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Regulators may keep an eye on AT&T’s toll-free data plans after all.
AT&T, which announced its plans on Monday, has tried to characterize the move as simply another billing option and argued it shouldn’t raise net neutrality concerns because sponsored data will be treated with the same speed and priority as traditionally billed data service.
“Essentially it is a billing service,” AT&T wireless unit CEO Ralph De La Vega told Re/code on Monday. “That’s really all it is. It’s nothing to do with ‘Net neutrality’ principles.”
In a speech on Thursday, Federal Communications Commission chair Tom Wheeler was equivocal on how he viewed the service, saying that such efforts shouldn’t be barred out of hand, but also stressing the need to keep networks open for companies large and small.
“It is not the sort of thing that should be prohibited out of hand,” Wheeler said. “But, again, history instructs us that not all new proposals have been benign. There has to be some ability on the part of government to oversee, to assess, and, if warranted, to intervene.”
Consumer group Free Press spoke out against AT&T’s plans as soon as they were announced.
“Caps are supposed to help wireless carriers manage congestion,” Free Press policy director Matt Wood said in a statement. “But if getting a big check from another company suddenly makes AT&T’s congestion concerns go away, that shows data caps aren’t necessary in the first place. Caps are merely another way to pad AT&T’s profits.”
Free Press also argued that sponsored data could hurt smaller players that can’t afford to underwrite data costs.
“Content and app providers that can’t pay this new toll to reach customers will be at a huge disadvantage, and may never get off the ground in the first place if they can’t afford AT&T’s sponsor fees,” Wood said. “Letting the carriers charge more or less money to reach certain sites is discriminatory, and it’s not how the Internet is supposed to work.”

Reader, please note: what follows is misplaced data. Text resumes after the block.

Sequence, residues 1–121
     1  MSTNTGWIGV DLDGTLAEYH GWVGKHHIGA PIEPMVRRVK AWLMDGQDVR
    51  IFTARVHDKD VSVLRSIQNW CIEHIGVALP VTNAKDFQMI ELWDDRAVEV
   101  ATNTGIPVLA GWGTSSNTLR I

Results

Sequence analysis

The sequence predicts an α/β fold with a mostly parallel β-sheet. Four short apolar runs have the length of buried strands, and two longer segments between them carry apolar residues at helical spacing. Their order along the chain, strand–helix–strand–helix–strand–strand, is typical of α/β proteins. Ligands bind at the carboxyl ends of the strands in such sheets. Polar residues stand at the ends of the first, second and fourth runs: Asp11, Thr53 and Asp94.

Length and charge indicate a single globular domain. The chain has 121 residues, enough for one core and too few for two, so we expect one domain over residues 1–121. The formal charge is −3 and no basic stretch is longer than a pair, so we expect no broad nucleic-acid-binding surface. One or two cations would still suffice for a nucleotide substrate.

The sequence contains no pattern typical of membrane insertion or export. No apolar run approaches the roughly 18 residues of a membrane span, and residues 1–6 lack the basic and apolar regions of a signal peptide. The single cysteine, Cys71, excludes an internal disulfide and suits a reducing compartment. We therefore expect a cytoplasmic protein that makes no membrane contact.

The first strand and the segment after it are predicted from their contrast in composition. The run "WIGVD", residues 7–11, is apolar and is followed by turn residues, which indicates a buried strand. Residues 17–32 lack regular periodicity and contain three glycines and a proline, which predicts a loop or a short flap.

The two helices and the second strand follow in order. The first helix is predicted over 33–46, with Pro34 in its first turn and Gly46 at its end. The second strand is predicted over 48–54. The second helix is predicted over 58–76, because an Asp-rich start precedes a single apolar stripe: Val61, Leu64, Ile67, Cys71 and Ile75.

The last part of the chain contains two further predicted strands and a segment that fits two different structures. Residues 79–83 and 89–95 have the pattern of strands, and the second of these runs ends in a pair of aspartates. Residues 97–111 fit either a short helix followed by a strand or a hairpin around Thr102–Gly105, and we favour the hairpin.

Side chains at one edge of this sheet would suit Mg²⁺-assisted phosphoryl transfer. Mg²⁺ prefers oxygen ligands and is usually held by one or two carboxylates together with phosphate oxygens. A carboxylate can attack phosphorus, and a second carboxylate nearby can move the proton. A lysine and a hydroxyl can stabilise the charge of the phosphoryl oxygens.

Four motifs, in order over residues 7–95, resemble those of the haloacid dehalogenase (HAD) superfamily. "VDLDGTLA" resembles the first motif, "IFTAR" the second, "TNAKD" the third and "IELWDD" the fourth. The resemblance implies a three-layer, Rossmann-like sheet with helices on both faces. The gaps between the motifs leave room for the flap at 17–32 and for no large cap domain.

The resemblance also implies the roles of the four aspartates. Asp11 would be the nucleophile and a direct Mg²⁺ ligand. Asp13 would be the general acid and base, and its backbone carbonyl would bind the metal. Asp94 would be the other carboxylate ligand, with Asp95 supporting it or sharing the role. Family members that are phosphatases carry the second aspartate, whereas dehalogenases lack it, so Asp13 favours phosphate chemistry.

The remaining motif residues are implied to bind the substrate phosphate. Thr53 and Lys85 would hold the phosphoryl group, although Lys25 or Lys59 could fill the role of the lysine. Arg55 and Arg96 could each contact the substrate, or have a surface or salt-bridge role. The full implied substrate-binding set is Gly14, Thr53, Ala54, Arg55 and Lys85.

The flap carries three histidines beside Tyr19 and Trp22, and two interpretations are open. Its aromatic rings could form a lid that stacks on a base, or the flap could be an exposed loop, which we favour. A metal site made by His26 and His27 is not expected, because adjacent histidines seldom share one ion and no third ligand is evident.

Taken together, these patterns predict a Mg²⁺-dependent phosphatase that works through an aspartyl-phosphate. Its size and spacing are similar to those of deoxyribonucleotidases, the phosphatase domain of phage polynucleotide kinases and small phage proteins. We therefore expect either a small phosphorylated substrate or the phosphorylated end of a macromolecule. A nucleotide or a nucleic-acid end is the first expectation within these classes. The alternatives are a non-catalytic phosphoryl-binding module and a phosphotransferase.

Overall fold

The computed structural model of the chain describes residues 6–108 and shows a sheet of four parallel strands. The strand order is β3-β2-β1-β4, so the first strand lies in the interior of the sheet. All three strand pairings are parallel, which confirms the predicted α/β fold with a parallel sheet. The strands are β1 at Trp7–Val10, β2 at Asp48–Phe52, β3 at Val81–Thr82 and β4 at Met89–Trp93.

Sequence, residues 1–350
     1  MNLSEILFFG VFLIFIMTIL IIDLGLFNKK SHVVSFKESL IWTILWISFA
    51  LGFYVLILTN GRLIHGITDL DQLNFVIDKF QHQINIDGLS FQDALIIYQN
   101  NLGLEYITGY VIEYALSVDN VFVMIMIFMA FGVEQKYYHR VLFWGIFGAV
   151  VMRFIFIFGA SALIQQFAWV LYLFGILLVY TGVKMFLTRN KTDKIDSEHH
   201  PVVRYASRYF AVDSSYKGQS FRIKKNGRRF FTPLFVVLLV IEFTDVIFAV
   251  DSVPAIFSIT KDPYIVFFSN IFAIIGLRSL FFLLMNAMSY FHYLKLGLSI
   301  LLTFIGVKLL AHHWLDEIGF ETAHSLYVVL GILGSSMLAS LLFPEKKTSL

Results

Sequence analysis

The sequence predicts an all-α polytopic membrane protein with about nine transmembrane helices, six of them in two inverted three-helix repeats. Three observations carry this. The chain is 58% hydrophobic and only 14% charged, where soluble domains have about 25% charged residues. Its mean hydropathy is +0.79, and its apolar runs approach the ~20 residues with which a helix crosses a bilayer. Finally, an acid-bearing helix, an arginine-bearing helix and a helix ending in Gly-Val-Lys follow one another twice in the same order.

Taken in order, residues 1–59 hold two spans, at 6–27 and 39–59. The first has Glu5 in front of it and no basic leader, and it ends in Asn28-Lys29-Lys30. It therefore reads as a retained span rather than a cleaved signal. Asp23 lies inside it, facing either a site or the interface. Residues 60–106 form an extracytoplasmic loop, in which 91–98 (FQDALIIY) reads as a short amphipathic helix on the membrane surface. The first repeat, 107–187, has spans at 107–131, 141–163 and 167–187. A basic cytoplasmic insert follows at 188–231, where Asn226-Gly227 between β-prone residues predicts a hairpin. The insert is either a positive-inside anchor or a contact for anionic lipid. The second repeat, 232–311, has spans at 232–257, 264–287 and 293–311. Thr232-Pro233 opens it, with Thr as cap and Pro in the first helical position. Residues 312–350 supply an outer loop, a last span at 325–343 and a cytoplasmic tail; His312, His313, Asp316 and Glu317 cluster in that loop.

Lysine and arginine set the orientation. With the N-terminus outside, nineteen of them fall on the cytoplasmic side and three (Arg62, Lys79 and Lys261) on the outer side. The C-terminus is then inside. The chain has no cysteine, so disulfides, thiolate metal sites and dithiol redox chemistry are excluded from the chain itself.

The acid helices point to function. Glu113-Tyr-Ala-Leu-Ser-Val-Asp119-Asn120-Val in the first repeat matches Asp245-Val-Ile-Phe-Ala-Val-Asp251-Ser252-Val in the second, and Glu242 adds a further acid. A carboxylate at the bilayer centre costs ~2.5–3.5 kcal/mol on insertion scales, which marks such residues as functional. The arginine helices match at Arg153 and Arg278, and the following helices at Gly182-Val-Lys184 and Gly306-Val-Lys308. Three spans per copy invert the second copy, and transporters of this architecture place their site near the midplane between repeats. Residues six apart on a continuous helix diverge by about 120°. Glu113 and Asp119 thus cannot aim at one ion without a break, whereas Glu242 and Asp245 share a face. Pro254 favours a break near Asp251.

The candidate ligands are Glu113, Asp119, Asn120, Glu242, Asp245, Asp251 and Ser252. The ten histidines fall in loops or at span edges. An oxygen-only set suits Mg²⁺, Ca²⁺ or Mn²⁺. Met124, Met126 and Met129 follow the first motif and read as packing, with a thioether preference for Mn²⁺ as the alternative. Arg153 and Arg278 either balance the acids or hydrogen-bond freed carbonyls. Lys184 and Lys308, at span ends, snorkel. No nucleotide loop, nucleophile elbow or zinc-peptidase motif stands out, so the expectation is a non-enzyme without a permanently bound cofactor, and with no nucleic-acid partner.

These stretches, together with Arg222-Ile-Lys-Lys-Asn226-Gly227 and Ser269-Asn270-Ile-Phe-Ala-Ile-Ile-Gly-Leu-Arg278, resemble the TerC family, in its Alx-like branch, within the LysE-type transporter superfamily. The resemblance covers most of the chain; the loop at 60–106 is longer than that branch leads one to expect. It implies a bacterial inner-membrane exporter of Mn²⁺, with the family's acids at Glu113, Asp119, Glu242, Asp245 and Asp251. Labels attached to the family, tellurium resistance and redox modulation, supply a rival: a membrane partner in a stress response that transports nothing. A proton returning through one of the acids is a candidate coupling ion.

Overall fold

AT&T further defended the service on Thursday.
“AT&T’s sponsored data service is aimed solely at benefiting our customers,” AT&T public policy chief Jim Cicconi said on Thursday. “It allows any company who wishes to pay our customer’s costs for accessing that company’s content to do so. This is purely voluntary and non-exclusive. It is an offering by that company, not by AT&T. We simply enable it. The bottom line is that this can save money for our customers. We see no reason why this is not a good thing.”
“Also, we are completely confident this offering complies with the FCC’s net neutrality rules, which our company supports.”
Here are Wheeler’s comments in full on the subject.
The necessity for these policies and the wisdom of case-specific approaches to implementing them is demonstrated by a coincidental occurrence earlier this week. AT&T announced a mobile service offering that enables subscribing firms to cover the airtime costs of accessing their content. Based in part on the premise that consumers have more choices for mobile wireless service than for fixed, the Open Internet Order did not discourage this type of two-sided market for mobile uses. It also made clear, however, that the Commission would monitor these types of development carefully.
… It may well be that the kind of offering AT&T has announced enables increased competition and increased efficiency—both things that benefit consumers. It is not the sort of thing that should be prohibited out of hand. But, again, history instructs us that not all new proposals have been benign. There has to be some ability on the part of government to oversee, to assess, and, if warranted, to intervene.
Let me be clear about this. I am not advocating intervention unless there is an unmistakable warrant for it. I am not interested in protecting competitors from competition, nor am I interested in presiding over a festival of rent seeking. But I am committed to maintaining our networks as conduits for commerce large and small, as factors of production for innovative services and products, and for channels of all of the forms of speech protected by the First Amendment. We should not let these things be impaired.
This is all closely related to competition policy, of course. Competitive markets produce better outcomes than regulated or uncompetitive markets. We must protect competition where it exists. We must promote competition where it may not be fulsome.